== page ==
2004; Yilmaz et al., 2019). Children born with the
cleft lip condition experience speech and hearing is-
sues, high susceptibility to dental cavities, difficulty
in feeding and they often undergo social and men-
tal development disorders (Chaudhari et al., 2021).
It also causes significant psychological and socioeco-
nomic effects on parents as well as caretakers.
Cleft lip is treated with surgical procedures fol-
lowed by rehabilitation starting as early as 10-12
weeks of age and follow up surgeries from the age
of 1 year (Shkoukani et al., 2013). Most of the cases
undergo at least two surgeries where more follow up
surgeries are required for complex conditions. Ide-
ally cleft lip repair surgeries should result in symmet-
ric and naturally looking upper lips (Mosmuller et al.,
2016). But in most of the patients, surgical scars can
be noticed in upper lip and philtrum which is the area
between upper lip and nose. Cleft lip surgeries re-
store or repair speech, appearance and normal feed-
ing. Cleft lip surgical procedures are complex and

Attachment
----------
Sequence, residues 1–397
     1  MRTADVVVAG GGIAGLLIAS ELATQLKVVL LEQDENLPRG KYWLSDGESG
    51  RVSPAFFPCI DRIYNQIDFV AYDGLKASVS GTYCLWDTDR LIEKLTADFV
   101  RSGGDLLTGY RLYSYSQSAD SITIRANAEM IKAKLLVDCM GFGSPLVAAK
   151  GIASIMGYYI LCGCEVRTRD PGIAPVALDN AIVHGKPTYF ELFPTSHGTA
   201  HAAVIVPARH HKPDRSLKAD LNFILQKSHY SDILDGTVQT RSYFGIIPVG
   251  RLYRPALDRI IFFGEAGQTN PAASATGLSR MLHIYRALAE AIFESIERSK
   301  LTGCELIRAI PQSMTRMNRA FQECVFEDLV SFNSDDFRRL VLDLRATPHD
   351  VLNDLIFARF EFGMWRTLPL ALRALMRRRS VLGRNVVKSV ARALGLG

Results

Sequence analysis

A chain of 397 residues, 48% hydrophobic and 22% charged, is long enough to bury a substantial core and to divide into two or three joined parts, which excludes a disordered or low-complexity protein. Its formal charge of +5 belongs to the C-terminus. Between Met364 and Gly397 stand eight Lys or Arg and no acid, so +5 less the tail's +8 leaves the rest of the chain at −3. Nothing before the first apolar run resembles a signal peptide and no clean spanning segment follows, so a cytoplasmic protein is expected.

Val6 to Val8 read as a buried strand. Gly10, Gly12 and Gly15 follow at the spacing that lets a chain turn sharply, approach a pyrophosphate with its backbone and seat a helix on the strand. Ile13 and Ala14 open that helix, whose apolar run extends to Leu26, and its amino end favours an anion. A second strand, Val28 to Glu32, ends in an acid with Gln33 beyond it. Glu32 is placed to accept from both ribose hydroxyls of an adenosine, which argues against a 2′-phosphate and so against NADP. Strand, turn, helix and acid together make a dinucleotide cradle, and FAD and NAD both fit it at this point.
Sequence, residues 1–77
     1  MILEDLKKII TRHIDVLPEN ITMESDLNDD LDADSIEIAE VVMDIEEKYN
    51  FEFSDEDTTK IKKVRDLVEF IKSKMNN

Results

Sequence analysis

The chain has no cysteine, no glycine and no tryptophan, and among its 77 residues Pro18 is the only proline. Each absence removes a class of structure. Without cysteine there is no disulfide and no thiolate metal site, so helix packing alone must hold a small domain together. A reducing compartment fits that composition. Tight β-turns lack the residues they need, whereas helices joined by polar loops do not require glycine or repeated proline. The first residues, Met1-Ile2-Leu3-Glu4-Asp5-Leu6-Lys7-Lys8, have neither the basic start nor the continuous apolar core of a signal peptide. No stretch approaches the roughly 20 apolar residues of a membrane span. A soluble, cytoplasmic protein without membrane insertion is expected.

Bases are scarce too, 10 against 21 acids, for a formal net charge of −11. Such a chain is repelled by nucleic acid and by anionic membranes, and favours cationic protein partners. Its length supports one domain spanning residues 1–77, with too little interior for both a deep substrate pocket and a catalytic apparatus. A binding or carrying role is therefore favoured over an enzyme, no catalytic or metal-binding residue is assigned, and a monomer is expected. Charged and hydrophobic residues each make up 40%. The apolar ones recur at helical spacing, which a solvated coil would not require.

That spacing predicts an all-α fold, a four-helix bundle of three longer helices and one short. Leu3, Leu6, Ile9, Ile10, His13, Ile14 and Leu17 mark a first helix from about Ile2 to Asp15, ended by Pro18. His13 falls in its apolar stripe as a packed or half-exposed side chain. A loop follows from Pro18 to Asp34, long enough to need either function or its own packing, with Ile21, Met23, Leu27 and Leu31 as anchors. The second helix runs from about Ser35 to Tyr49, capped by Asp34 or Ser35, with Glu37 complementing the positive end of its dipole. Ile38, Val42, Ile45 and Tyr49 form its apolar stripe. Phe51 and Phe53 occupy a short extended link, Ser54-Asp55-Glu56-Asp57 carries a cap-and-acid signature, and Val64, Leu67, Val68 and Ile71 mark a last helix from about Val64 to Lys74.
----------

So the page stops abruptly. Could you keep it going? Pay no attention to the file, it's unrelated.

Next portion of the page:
rely on the collective expertise drawn from multiple
clinical domains (Yilmaz et al., 2019).
Machine learning and deep learning methods to
model the face have experienced a surge of interest in
recent years. In particular, facial GANs have emerged
as an active research topic and poses a number of in-
teresting challenges, largely due to the fact that the
human face is a very complex object which can be
represented in 2D or 3D and we often need to ac-
count for dynamic poses and facial expression which
modify the features considerably (Kammoun et al.,
2022). There are some recent efforts to develop meth-
ods to assist and guide clinicians performing CL/P
surgical repairs. (Li et al., 2019) have trained a
model to locate surgical markers and incisions which
helps surgeons prepare for the procedure particularly
in circumstances where they may lack experience. In
(Chen et al., 2022) GAN inpainting methods are pro-
posed to generate non-cleft lips from images with
Atputharuban, D., Theopold, C. and Lawlor, A.
Enhancing Surgical Visualization: Feasibility Study on GAN-Based Image Generation for Post Operative Cleft Palate Images.